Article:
5. Jinder

    Wear

    I'd investigate whether your laundry detergent is Nitro friendly. Do you use fabric softener? I've seen some fabric imprints on the underside waist of guitars before but have always associated it with bug repellent or something similar. Obviously you can't hear it, so to speak, so it isn't a major issue but I know how irritating finish probs can be.
  6. My first decent acoustic was a Kiso Suzuki Hummingbird. Man, that thing was GREAT. I wrote hundreds of songs with it, including the ones that secured my first proper band a management deal, record deal and a chart single here in the UK. The songs literally seemed to pour out of it. Eventually, when I bought a "real" Hummingbird, I gave it to a disabled friend of mine who still plays it 15yrs later. I still miss it though! The Dove copy in this video looks just like a mid-70s Norlin era example...TE really makes it sing, doesn't he? Proof that there are some good bones in the '70s Pac Rim lawsuit dust.
  7. That's a super cool little beast! Love it. I have only ever played a WM45 but found it a really punchy and mids-rich instrument, like a J45 but with more teeth. Would love to find a WM-00 one day!
  8. If a Martin is too dark for you, try a J185. Loads of dynamic range and a sweet, bright top end. A J45 is generally dark and rich and chocolatey. Gibsons aren't particularly associated with brightness-I would say that Taylors are a far brighter guitar by nature-but a J185, Dove, SJ200 or other maple Gibson will give you a big, bold bottom end and some of the treble you are looking for.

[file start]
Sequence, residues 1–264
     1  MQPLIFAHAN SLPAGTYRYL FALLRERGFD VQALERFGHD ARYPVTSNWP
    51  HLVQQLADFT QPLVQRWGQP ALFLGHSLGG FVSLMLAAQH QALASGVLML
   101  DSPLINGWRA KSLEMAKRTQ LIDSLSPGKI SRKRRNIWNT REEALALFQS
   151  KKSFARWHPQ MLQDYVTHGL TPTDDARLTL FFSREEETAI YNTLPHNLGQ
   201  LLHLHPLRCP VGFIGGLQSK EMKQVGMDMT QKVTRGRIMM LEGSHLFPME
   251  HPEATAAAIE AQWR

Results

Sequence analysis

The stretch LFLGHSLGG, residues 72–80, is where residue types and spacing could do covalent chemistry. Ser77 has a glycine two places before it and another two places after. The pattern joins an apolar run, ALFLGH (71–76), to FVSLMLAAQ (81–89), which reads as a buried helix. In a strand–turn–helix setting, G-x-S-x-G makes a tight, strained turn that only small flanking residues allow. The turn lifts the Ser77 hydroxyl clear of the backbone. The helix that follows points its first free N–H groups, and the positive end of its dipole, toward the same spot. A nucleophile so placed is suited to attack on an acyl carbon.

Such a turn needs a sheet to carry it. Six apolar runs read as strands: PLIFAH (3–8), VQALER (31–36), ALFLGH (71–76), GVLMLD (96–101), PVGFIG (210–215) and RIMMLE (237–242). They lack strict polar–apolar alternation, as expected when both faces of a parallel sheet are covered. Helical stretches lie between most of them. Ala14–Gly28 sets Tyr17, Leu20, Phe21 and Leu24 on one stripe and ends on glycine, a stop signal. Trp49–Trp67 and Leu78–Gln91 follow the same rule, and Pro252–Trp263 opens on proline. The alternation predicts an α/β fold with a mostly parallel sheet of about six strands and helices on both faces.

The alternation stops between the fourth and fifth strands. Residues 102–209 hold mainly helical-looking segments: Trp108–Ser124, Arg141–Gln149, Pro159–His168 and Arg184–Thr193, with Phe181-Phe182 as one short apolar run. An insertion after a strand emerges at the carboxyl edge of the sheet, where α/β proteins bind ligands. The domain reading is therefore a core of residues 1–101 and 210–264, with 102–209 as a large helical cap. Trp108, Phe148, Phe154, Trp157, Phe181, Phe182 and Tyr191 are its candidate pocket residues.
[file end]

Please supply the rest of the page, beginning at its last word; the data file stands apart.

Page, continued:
9. K&K are great, and jive especially well with Mahogany guitars. I've got them in my Hummingbird 12 string and '67 J45 and am a big fan. Generally I use soundhole mag pickups but the K&K is attractively invisible and very natural sounding with a bit of a cut in the mids and bottom end. Feedback can be an issue unless EQd correctly, but in a smaller bodied guitar such as the OT22, you should be golden. Plus, you are an experienced artist and absolutely know what you're doing live tone wise, so you'll be fine!
  10. Personally speaking, when I am playing and singing, I want a little dynamic range from the guitar but not a gigantic amount, mainly because I want to focus on delivering the vocal and not constantly regulating the guitar headroom with my right hand. Some guitars can definitely overpower the singer, but more often than not it's an issue relating to frequency rather than actual raw volume. A Hummingbird, for example, is a wonderful vocal accompaniment instrument as (according to Gibson, who told me first hand when I was working with them in 2008/9) they were originally designed with a dip in the mids at exactly the point on the sonic spectrum where vocals sit. Immensely clever engineering. My 12 string Hummingbird, for example, is very loud, but doesn't interfere with vocal frequencies, enabling me to fly a relatively relaxed vocal over it and still be heard clearly.